2. Thank you for the photos of Cochineal and Mazarin. That helps make the poem not only understandable but more vivid. I appreciate the work you've put into finding many images that enhance our understanding of the poems.

    1. Thank you! I've learned a lot just from searching pictures.

  3. Thank you! The way you have brought out the analogy-it's impeccable. I have been reading Emily Dickinson's poems and your blog is of much help to me.

  4. This poem captures the poet’s frustration with the limitations of language. Thank you for this blog and your insights. I appreciate the pictures too!

  5. Obrigada! Sou do Brasil. Seu trabalho é muito importante para mim! Beijos!

    1. Google translates sweetly from Portuguese:

      Thanks! I am from Brazil. Your work is very important to me! Kisses!

  6. Thanks for this analysis. I am a beginner when it comes to reading poetry. I now know what "slant rhyme" means.

    The poem itself reminded me immediately of me asking a blind guy to describe me how it is not to see anything. He responded with asking me to describe to him how it is to see... An excellent example of what Emily Dickinson means here. Simply undescribable using language.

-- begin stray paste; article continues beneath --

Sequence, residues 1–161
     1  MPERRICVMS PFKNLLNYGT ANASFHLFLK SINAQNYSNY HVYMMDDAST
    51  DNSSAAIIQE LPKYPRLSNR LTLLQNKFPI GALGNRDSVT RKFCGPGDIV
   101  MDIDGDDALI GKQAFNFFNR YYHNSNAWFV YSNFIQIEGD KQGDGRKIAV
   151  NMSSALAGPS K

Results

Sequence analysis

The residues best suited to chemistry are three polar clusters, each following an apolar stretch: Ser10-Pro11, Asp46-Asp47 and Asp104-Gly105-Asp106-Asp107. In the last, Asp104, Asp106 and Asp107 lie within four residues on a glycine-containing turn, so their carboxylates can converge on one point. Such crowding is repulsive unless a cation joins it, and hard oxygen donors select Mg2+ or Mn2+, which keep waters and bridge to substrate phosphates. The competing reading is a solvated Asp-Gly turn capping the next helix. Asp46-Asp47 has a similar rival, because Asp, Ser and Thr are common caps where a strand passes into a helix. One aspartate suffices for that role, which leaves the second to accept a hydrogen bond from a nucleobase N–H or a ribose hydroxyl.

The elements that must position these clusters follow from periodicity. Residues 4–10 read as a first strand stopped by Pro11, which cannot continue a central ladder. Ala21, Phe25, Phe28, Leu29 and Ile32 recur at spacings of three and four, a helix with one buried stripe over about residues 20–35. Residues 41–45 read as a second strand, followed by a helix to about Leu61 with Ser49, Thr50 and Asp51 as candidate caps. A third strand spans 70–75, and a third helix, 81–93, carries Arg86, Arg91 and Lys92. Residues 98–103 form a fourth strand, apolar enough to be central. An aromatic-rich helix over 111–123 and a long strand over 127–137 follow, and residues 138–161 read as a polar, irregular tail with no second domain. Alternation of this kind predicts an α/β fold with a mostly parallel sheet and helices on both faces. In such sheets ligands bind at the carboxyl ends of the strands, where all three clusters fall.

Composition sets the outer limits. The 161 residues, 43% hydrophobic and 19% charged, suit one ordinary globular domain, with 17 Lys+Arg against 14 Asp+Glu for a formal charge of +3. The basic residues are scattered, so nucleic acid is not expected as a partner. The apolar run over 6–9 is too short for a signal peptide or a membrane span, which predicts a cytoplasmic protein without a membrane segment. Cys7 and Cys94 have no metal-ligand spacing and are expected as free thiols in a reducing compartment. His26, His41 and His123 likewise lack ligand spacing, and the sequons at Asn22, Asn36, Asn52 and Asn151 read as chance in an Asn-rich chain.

7. Lovely comments, all, especially “The poem itself reminded me immediately of me asking a blind guy to describe me how it is not to see anything. He responded with asking me to describe to him how it is to see”. That’s a keeper.

    It is a bit hard to imagine ED ever had a thought she couldn’t immortalize in poetry, but for the sake of this thread, we can accept her word for it. However, given the closing of the preceding poem, F435:

    “Might some one else – so learned – be –
    And leave me – just my A – B – C –
    Himself – could have the Skies–”

    maybe she intended a second level of meaning.
    In their correspondence or conversation, ED apparently offended Rev. Wadsworth, or thought she did (Draft of Master Letter 2, “early 1861”):

    “Oh, did I offend it- [Did'nt it want me to tell it the truth] Daisy - Daisy-offend it-who bends her smaller life to his (it's) meeker (lower) every day-who only asks-a task- [who] something to do for love of it- some little way she cannot guess to make that master glad-

    “A love so big it scares her, rushing among her small heart-pushing aside the blood and leaving her faint (all) and white in the gust's arm-”

    Also, F250, (“second half of 1861”):

    “The Court is far away –
    No Umpire – have I –
    My Sovereign is offended –
    To gain his grace – I’d die!”

    Given ED’s proclivity for independent thinking about Christian dogma, she probably said something that questioned Wadsworth’s firm religious beliefs. Perhaps she intended F436 to express her doubts that God would damn all “Races – nurtured in the Dark” (Pre-Christian era). How would your [their] own – [religion] begin?

    Wadsworth would likely answer with some comment about Ham and his descendants that ED couldn’t accept. In short, ED may be searching for reasons why Wadsworth’s departure for the West was better for her than his remaining in the East with its unresolvable conflict. At least by leaving, he has resolved ED’s conflicting commitment to write poetry versus her hopeless pursuit of a relationship with Wadsworth.